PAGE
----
Deepening. The word resonated throughout Mennonite Church Saskatchewan’s 2018 annual delegate sessions.
While a budget and elections were most definitely on the table, delegates at the March 9 and 10 sessions also witnessed the culmination of the yearlong Refresh, Refocus, Renew process, in which the regional church engaged consultant Betty Pries to help them set a course for the future.
Speaking at Zion Mennonite Church in Swift Current, Pries reflected on Jesus’ Parable of the Good Samaritan. After volunteers presented the story dramatically, she asked her audience, “With whom do we identify?”
Many identify with the Samaritan, and while it’s good to aspire to this level of compassion and generosity, privileged western readers may be missing the point of the story, she suggested. “By identifying with the Samaritan, we come out as heroes,” said Pries. “What happens when we see ourselves as people who save others rather than those who need saving?”
Alternatively, she challenged her audience to identify with the wounded man, and to see the Samaritan as a Christ figure. Perhaps when Jesus told the first hearers of the parable to “go and do likewise,” he was really saying, “Go and allow yourself to be vulnerable, to be cared for by someone who is distasteful to you. Go and allow yourself to be cared for and transformed by me,” she said.
“What would it mean for MC Saskatchewan to become like this?” she asked before urging her audience to “get in touch with your vulnerability, your brokenness. Recognize Jesus in people you dislike. Allow yourself to be healed by God’s great love.” But at the same time, she said, “Become like the Samaritan. Look after those in need of healing.”
Both interpretations are needed, according to Pries. “MC Saskatchewan longs to be transformed and to be an instrument of transformation in the world,” she said. “To love God with heart, soul and mind allows us to be transformed by God, and to love our neighbour as our self is to allow God’s love to transform the world through us.”
During the March 10 morning session, Pries looked back on the Refresh, Refocus, Renew process. She cited author Frederick Buechner, who said, “The place God calls you to is the place where your deep gladness and the world’s deep hunger meet.”
The world’s deep hunger, she said, is profound loneliness and longing to belong. It is a yearning for inner rest and a desire for meaning. By contrast, the church’s deep gladness is a sense of meaning, purpose and belonging. “We believe in a God to whom we belong and in whom we also belong to one another,” she said.
If Buechner’s statement is indeed true, she said that “MC Saskatchewan’s deep gladness and the world’s deep hunger [represent] a profound missional moment, both in our pews and in our world.”
The Refresh, Refocus, Renew process began last March with a survey asking members to share what MC Saskatchewan means to them.
In April, members of the regional church’s 28 congregations met with Pries to engage the survey results and ponder what it means to be the church in the 21st century.
During the summer months, congregations entered a season of listening and prayer, seeking God’s direction for their regional church body.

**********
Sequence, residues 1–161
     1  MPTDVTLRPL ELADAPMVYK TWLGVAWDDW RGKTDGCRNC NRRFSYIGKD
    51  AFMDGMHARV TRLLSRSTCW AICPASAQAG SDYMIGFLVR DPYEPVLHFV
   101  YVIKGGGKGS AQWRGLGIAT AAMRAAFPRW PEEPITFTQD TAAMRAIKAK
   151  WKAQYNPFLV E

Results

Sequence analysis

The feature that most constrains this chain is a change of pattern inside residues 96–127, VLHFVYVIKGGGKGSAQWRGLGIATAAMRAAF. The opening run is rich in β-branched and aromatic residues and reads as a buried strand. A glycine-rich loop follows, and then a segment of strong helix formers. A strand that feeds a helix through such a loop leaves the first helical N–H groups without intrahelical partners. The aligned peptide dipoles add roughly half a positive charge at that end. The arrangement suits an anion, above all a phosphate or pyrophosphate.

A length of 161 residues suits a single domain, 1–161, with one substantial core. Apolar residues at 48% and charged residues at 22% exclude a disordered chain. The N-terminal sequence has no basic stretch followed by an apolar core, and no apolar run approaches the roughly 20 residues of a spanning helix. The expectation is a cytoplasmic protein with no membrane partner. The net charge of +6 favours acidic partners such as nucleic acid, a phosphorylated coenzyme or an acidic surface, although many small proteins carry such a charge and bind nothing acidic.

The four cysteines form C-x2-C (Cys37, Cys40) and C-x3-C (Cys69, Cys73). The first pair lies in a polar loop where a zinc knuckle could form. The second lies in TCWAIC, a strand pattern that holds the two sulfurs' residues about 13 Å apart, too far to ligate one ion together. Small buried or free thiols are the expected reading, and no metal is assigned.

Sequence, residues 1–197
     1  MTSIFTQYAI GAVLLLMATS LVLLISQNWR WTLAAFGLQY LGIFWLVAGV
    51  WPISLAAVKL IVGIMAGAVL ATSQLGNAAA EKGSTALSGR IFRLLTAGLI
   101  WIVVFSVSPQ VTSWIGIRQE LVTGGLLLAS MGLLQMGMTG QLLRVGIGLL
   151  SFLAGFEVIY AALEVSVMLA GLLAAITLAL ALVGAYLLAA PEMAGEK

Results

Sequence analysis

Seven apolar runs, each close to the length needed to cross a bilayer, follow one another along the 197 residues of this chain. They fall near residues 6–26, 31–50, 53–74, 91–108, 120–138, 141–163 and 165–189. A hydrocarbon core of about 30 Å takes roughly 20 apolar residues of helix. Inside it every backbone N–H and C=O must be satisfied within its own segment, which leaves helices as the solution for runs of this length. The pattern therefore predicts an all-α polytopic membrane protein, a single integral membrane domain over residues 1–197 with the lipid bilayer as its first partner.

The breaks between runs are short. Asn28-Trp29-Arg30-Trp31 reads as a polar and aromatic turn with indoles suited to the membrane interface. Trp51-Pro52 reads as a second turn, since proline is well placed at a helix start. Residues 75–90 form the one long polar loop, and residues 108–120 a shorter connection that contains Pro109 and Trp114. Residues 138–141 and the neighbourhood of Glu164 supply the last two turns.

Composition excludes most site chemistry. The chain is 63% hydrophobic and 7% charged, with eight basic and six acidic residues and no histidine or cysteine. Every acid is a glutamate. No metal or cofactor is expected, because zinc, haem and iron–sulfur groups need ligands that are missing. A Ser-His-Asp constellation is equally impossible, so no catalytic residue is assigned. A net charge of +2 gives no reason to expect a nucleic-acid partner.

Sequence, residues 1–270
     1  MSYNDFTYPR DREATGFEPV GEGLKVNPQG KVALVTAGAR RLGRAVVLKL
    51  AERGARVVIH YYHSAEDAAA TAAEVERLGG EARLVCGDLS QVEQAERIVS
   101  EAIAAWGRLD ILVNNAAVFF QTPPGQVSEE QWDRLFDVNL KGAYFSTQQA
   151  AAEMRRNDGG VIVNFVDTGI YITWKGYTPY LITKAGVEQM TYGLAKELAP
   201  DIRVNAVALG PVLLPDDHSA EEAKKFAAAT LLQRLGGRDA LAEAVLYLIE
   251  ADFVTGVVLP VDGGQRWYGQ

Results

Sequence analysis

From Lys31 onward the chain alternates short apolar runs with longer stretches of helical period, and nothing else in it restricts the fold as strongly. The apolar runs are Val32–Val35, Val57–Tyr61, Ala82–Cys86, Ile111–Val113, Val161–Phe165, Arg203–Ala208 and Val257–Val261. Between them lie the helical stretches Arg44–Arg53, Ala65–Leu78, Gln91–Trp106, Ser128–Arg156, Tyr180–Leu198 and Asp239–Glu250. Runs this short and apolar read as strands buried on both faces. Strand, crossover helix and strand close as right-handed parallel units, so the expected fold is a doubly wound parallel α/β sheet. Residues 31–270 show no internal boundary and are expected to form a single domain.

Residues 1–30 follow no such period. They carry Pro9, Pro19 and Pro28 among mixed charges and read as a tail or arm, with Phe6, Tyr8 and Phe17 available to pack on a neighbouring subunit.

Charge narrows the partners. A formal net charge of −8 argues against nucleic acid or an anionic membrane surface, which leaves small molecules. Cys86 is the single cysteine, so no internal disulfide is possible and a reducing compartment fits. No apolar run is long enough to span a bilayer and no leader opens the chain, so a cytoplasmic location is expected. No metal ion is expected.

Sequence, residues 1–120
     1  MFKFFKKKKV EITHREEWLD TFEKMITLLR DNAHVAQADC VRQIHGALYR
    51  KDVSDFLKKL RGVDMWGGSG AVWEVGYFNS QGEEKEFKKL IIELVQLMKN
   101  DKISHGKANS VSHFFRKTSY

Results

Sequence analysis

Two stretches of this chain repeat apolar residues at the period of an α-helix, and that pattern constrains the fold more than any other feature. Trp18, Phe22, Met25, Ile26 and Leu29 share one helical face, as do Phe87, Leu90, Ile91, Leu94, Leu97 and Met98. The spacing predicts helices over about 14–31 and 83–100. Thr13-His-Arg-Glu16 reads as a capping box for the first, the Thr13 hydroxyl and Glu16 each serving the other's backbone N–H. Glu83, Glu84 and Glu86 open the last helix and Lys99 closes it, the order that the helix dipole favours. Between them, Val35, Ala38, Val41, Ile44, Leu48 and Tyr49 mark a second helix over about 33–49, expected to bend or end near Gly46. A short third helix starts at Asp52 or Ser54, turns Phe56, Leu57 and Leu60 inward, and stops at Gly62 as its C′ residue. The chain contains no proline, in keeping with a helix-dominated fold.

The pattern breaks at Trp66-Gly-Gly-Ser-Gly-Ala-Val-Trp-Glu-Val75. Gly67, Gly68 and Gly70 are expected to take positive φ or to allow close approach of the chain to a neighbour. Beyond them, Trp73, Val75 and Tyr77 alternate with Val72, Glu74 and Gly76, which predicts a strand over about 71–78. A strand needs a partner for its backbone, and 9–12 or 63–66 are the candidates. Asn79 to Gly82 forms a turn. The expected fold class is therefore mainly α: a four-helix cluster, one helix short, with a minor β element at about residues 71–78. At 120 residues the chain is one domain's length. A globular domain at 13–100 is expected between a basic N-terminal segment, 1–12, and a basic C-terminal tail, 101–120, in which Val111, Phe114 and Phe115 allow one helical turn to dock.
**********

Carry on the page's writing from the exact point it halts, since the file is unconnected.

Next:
At a second gathering last September, participants discerned together that God is calling MC Saskatchewan in three specific areas. The Refresh, Refocus, Renew reference group eventually articulated these three callings as:
- Deepening our walk with Christ.
- Deepening our walk with each other.
- Deepening our walk with our neighbours.
The regional church will spend the next three years implementing these three themes, one theme each year, in ways that will engage individuals, committees, congregations and the whole of MC Saskatchewan in various ways.
For Year One (2018) the regional church will focus on “Deepening our walk with Christ.” The reference group is offering members suggestions in the form of two bucket lists. Bucket No. 1 contains ideas that require less energy, while Bucket No. 2 contains ideas that demand greater energy. Members will be encouraged to choose items from each list and to evaluate their experiences after six months.
MC Saskatchewan delegates approve budget
Delegates approved a budget of just over $605,000 at Mennonite Church Saskatchewan’s annual delegate sessions, held March 9 and 10 at Zion Mennonite Church.
New items include $127,000 designated for the nationwide church, $50,000 for Canadian Mennonite University and $10,000 for Anabaptist Mennonite Biblical Seminary.
Thanks to a bequest, the regional church ended 2017 with a surplus of just under $100,000. The surplus will replenish the church’s reserve fund, which had been depleted in recent years.
Delegates also approved the Youth Farm Bible Camp’s plans to build a year-round riding arena to further its horse program. The arena is expected to cost $285,000, but the camp hopes to have half of that amount raised before construction begins this summer.
Moderator Ken Warkentin of Nutana Park Mennonite Church in Saskatoon is stepping down after serving one term. Deputy moderator Terry Stefaniuk of Osler Mennonite Church will move into the moderator’s role, while Sharon Schultz of Eyebrow Mennonite Church will assume the role of deputy moderator.
Friends or foes? Visiting regional church executive ministers Tim Wiebe-Neufeld (MC Alberta) and David Martin (MC Eastern Canada) are part of a band of robbers attacking an innocent traveller, played by Ben Martens Bartel, during a dramatic reading of Jesus’ Parable of the Good Samaritan. (Photo by Donna Schulz)
Ken Warkentin, outgoing MC Saskatchewan moderator, answers questions during a workshop at the regional church’s annual delegate sessions. (Photo by Donna Schulz)